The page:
As the economy slowly recovers the housing market is mending and short sales have become more frequent as homeowners scramble to avoid a foreclosure.
In the second quarter of last year, short sales made up 12% of nationwide home sales, according to RealtyTrac, and Bank of America (NYSE:BAC), the county’s largest servicer of home mortgages, said it expects to process more than 100,000 short sales this year. California has one of the highest rates of short sales in the nation and more than a quarter of all homes sold in the state in spring 2011 were through this process.
A short sale is when a mortgage holder seeks permission from the bank to sell the home for less than owed on the mortgage. Sometimes homeowners do this when they need to move and they owe more than the house is worth. Sometimes a short sale is an alternative to foreclosure – a gesture by owners to show the bank they’re willing to work recoup the loss. Banks are often open to working with homeowners because they generally lose more money on a foreclosure than a short sale.
Geography can play a role in the whether a short sale is approved. In Florida, for example, foreclosures are relatively fast and inexpensive for banks to process so they may not approve a short sale. In Arizona, banks are prohibited from selling a foreclosed home for more than the mortgage amount, giving the seller more leverage.
Short Sale = Settlement
Many homeowners believe a short sale on their house will have less negative impact on their credit score than a foreclosure. This is a common credit score myth. The impact of a short sale or a foreclosure on an individual’s credit score varies depending on the exact circumstances, but according to credit scoring company FICO, a short sale on a home has almost the same effect as a foreclosure.
Sellers can expect to see their credit scores drop anywhere from 85 to 160 points after process. However, people who opt for a short sale might drop fewer points and have an easier time buying another house in the future.
A lot of the impact on a credit score depends on how the bank reports the sale. Short sales are most often reported as settlements on a credit history, rather than as paid debts. The term “settled” on a credit report indicates that the lender accepted a lesser amount than was owed, and that always has a negative effect. Occasionally, a lender will agree to report a short sale as “paid,” which will not affect a credit score negatively – but this is rare and takes some tricky lender-borrower negotiation. The chances of this are greater if the homeowner never missed any payments, wrote a compelling hardship letter to the bank (a hardship letter spells out the reasons that the borrower is having trouble making payments), and had a good credit history to begin with.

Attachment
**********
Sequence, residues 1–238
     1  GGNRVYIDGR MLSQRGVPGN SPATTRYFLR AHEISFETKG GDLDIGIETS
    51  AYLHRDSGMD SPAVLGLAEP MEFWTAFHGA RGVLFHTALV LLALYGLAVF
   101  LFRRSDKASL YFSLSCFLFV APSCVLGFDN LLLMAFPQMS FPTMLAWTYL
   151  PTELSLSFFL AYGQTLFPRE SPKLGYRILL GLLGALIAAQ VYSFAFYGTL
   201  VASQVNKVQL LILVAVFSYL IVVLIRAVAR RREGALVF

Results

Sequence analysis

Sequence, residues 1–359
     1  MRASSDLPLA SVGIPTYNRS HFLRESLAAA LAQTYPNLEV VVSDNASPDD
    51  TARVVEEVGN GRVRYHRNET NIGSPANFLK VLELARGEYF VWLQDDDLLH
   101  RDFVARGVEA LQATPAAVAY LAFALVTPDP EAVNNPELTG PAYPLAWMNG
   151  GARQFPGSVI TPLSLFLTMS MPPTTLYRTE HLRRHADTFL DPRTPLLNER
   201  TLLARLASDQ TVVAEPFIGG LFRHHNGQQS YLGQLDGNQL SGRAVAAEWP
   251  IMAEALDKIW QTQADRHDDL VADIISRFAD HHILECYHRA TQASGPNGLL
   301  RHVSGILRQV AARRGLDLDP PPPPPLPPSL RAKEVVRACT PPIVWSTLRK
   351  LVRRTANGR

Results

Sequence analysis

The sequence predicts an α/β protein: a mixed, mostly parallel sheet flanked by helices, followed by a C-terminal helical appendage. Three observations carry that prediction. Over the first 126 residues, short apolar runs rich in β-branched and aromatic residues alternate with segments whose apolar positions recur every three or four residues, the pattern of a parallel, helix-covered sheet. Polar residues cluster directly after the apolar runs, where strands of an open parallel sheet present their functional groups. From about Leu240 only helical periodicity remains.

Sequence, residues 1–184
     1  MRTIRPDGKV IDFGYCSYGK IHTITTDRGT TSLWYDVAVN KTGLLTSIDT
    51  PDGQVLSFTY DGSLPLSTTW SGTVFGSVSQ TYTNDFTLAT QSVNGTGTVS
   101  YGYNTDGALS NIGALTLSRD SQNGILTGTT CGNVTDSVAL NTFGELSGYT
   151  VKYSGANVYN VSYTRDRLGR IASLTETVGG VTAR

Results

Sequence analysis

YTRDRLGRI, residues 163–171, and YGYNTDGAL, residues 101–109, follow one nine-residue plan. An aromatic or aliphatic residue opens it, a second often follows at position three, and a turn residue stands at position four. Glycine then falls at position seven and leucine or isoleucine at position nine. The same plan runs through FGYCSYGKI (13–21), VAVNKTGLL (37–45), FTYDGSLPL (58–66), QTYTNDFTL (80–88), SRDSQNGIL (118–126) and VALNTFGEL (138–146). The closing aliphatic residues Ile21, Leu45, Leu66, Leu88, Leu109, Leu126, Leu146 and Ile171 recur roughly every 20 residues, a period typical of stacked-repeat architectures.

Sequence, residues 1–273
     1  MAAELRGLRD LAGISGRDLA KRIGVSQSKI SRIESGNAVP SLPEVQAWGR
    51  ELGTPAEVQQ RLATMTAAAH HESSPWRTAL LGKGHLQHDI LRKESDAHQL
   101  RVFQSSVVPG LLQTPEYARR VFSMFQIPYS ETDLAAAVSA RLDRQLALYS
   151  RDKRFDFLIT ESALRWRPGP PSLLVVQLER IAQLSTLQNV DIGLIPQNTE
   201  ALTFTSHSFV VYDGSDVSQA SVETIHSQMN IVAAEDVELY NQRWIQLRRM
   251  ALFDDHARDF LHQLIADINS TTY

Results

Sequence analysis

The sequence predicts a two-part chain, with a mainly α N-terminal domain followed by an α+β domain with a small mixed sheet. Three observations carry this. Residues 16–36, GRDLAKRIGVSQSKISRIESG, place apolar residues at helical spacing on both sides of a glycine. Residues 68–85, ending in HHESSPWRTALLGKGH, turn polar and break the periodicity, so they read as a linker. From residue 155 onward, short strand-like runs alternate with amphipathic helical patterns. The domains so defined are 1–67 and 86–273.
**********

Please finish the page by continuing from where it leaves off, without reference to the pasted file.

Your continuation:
Negative History, Positive Score
When it comes to short sales and credit scores, there is good news and bad news.
The good news is no matter the health of a credit score before the property deed was transferred, a short sale doesn’t have to a credit report forever.
The bad news is people who are considering short sales often already have damaged credit from other late payments, and the short sale will only drag that credit score further down. Lenders don’t tend to look kindly on borrowers whose credit scores are already in the subprime range – about 620 or less. A person with a low credit score may take a greater hit than someone whose credit was more healthy before the short sale.
If you are forced to sell your home through a short sale, here are three guidelines to get your credit back on track and get back on your financial feet quickly:
- Order a copy of your credit report. More than 80% of credit reports have mistakes, so order copies of your credit report from all three major credit bureaus – Experian, TransUnion, and Equifax. With a short sale on your report, you don’t need anything dragging your score down further. Common culprits that hurt credit scores are medical collections you never knew existed and debts owed by people with similar names. Look for tips on how to get a high score with credit reporting agencies.
- Be savvy about your existing accounts. Your length of credit history, on-time payments, a mix of loan types and debt-to credit ratio all play a part in your overall credit history. If you’ve still got credit accounts that are open, don’t close them, make payments on time, keep debt as low as possible, and try to keep accounts of different types open.
- Open a secured line of credit . If your credit is truly trashed and all your credit cards are maxed out or frozen, you can probably still get a secured credit card, which requires a deposit as collateral. With an opening deposit from $200 to $2,000, you can get a credit card that will report to credit bureaus and help you rehabilitate your credit score. Make small purchases that you can afford and over time you will see your score will rise.
Michael Germanovsky is a personal finance expert with in-depth knowledge of credit cards, charge cards, and pre-paid cards. His tenure as a personal finance expert began at the Novoye Russkoye Slovo, a partner of the New York Times International Weekly. In 2011, Germanovsky created the Student Credit Card Education Initiative and sounded awareness of high interest rates. At large, Michael is editor-in-chief at Credit-Land.com.